FRIDAY, Aug. 28, 2020 (HealthDay News) -- As many as 20% of Americans don't believe in vaccines, a new study finds.
Misinformed vaccine beliefs drive opposition to public vaccine policies even more than politics, education, religion or other factors, researchers say.
The findings are based on a survey of nearly 2,000 U.S. adults done in 2019, during the largest measles outbreak in 25 years.
The researchers, from the Annenberg Public Policy Center (APPC) of the University of Pennsylvania, found that negative misperceptions about vaccinations:
reduced the likelihood of supporting mandatory childhood vaccines by 70%,
reduced the likelihood of opposing religious exemptions by 66%,
reduced the likelihood of opposing personal belief exemptions by 79%.
"There are real implications here for a vaccine for COVID-19," lead author Dominik Stecula said in an APPC news release. He conducted the research while at APPC and is now an assistant professor of political science at Colorado State University. "The negative vaccine beliefs we examined aren't limited only to the measles, mumps and rubella [MMR] vaccine, but are general attitudes about vaccination."
Stecula called for an education campaign by public health professionals and journalists, among others, to preemptively correct misinformation and prepare the public to accept a COVID-19 vaccine.
Overall, there was strong support for vaccination policies:
72% strongly or somewhat supported mandatory childhood vaccination,
60% strongly or somewhat opposed religious exemptions,
66% strongly or somewhat opposed vaccine exemptions based on personal beliefs.
"On the one hand, these are big majorities: Well above 50% of Americans support mandatory childhood vaccinations and oppose religious and personal belief exemptions to vaccination," said co-author Ozan Kuru, a former APPC researcher, now an assistant professor of communications at the National University of Singapore.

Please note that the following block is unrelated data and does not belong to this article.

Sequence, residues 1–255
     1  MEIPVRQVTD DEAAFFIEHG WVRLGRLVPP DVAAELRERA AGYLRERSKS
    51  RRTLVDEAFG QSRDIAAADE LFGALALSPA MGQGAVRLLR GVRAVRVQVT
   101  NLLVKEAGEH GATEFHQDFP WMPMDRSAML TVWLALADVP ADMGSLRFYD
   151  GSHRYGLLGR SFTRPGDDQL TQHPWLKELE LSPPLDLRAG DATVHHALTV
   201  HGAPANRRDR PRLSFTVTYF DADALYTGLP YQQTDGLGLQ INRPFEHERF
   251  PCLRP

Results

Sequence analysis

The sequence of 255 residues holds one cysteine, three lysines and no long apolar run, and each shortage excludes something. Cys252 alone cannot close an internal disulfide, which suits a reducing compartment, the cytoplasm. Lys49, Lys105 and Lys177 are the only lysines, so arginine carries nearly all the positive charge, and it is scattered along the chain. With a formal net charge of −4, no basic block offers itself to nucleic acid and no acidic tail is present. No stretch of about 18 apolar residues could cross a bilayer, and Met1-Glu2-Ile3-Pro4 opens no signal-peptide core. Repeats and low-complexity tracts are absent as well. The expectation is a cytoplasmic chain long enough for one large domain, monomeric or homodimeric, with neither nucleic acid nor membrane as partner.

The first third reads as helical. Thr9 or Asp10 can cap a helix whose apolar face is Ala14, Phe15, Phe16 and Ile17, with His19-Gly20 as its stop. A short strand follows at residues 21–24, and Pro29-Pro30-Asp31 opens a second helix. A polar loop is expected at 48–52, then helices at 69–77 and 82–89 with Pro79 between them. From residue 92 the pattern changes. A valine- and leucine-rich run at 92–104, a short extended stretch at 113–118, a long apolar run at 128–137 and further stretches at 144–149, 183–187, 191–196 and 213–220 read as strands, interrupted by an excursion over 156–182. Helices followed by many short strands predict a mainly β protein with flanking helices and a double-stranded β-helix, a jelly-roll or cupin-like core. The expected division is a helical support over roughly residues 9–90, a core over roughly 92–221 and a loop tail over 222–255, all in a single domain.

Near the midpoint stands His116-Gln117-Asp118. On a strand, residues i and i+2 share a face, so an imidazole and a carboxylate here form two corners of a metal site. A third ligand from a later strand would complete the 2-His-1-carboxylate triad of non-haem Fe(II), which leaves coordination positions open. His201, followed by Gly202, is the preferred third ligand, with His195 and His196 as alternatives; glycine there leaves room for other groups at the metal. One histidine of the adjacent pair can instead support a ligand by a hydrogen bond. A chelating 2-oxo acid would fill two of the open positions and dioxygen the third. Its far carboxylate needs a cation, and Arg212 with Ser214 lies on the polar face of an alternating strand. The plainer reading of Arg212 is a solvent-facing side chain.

"Still, we need a stronger consensus in the public to bolster pro-vaccine attitudes and legislation and thus achieve community immunity," he added in the release.
A previous study from the 2018-2019 measles outbreak found that people who rely on social media were more likely to be misinformed about vaccines. And a more recent one found that people who got information from social media or conservative news outlets at the start of the COVID-19 pandemic were more likely to be misinformed about how to prevent infection and hold conspiracy theories about it.
With the coronavirus pandemic still raging, the number of Americans needed to be vaccinated to achieve community-wide immunity is not known, the researchers said.
The findings were recently published online in the American Journal of Public Health.
For more about vaccines, visit the U.S. Centers for Disease Control and Prevention.
SOURCE: Annenberg Public Policy Center of the University of Pennsylvania, news release, Aug. 20, 2020